A New Beginning

The starter family house reduces the mortgage burden with an attached rental unit.

Smaller singles can be used on urban infill lots, make up entire blocks of a suburban downtown, or be built on raw pieces of leftover land where density can be increased to 15 to 20 homes on a couple of acres.

On single rear-loaded homes, the street-level flex room moves to the front of the house, where it is more connected to the upper level. It could accommodate a roommate, and there’s ample space to add a full bath.

The front-load plan allows for a multipurpose room at the rear of the garage and extends the space with a porch, making it ideal as a workshop, art studio, or crash pad.

The plans can morph into rear-loaded row homes, with a driveway apron for a second car.

Contemporary elevations have jaunty rooflines and compose basic builder materials in fresh ways.

With their gabled roofs, columns, and small porch, traditional elevations can be sprinkled into existing neighborhoods.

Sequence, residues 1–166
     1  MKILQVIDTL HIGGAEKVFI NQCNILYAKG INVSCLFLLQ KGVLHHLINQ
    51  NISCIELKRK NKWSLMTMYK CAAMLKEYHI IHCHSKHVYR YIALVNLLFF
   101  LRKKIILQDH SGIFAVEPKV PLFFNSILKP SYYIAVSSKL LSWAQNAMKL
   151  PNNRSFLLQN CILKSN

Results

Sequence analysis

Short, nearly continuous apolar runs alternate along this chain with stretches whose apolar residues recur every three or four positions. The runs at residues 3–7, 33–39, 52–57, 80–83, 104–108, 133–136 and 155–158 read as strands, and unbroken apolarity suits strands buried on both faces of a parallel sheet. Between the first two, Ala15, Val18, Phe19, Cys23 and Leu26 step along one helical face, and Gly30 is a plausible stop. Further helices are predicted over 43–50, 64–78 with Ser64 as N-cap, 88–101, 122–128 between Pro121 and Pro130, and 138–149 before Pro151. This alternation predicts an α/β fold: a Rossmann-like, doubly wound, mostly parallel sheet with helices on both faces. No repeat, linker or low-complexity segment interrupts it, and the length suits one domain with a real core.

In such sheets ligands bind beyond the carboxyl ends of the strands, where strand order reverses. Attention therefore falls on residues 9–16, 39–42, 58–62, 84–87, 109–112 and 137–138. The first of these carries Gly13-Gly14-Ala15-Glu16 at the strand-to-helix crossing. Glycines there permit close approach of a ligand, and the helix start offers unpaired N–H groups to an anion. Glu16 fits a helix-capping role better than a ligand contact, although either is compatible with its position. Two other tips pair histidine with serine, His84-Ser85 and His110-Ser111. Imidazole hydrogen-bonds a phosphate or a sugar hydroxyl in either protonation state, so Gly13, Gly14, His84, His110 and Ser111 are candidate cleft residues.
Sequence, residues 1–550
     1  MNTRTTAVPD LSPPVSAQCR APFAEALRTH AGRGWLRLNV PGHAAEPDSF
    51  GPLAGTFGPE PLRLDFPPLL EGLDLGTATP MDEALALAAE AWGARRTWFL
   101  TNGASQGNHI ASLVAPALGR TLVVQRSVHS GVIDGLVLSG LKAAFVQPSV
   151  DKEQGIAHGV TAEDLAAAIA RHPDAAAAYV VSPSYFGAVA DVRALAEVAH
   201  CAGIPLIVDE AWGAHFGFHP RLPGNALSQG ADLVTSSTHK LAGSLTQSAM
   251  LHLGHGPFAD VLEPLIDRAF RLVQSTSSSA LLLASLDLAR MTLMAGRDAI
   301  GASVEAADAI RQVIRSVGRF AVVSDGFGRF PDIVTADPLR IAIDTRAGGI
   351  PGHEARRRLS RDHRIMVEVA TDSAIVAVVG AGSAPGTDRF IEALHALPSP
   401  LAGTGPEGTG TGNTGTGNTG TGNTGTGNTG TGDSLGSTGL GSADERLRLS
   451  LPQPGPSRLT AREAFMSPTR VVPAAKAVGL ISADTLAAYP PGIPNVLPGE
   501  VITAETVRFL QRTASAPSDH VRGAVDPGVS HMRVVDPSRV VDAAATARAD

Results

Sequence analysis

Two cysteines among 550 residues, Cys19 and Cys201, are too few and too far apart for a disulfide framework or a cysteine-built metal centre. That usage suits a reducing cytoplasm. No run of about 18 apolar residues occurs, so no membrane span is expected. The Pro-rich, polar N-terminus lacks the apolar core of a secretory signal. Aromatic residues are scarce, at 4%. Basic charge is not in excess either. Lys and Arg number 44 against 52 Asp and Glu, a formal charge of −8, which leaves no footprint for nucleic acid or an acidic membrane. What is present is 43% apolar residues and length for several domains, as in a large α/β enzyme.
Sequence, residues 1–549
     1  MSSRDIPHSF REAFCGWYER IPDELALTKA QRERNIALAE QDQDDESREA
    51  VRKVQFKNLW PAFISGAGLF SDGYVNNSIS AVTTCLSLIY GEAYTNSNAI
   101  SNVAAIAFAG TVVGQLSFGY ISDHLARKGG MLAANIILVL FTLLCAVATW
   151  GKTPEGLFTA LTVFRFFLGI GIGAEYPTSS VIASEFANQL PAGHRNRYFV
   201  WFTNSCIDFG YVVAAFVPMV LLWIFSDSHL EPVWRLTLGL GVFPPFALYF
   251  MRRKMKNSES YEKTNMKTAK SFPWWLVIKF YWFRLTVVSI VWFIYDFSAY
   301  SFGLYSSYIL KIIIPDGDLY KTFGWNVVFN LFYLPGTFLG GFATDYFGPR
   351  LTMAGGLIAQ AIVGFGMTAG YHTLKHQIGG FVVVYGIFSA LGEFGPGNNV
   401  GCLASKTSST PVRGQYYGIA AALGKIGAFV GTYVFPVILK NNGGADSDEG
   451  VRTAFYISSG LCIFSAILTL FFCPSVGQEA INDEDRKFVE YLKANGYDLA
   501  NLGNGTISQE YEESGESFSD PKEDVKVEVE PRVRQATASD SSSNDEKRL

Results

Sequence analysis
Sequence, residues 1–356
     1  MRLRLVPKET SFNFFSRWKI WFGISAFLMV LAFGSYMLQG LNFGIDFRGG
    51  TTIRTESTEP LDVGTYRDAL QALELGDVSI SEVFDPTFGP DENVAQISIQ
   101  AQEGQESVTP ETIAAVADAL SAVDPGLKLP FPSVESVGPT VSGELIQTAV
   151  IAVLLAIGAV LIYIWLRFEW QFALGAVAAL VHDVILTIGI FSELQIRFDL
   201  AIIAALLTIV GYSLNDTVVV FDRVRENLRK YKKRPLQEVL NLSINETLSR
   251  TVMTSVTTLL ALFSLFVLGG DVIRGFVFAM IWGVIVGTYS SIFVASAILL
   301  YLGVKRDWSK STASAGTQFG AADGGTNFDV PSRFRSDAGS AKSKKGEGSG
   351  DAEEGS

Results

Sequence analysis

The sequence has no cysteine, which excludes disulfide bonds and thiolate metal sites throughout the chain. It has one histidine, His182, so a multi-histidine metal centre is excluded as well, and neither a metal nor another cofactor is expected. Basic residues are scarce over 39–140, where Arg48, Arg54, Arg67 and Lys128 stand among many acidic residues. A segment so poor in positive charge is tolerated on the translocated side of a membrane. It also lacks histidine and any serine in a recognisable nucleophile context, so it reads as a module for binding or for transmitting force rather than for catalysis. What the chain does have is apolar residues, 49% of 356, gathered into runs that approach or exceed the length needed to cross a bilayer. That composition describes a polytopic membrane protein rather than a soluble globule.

The starter family home’s entry-level elevation has a gracious covered entryway and mixes traditional siding with brick detailing. The apartment’s side-load garage renders the rental indistinguishable in a single-family subdivision.

A simple but sophisticated aesthetic attracts the attention of young, discerning buyers. The contemporary facades are clad in a combination of masonry and wood or vinyl; rooflines could be flat or sloped.

The family-friendly floor plan includes a great room, a flexible space for a den or formal dining, and three bedrooms upstairs. The attached rental unit comes with a private courtyard, and a windowless wall in the rear bedroom preserves the main house’s patio privacy.

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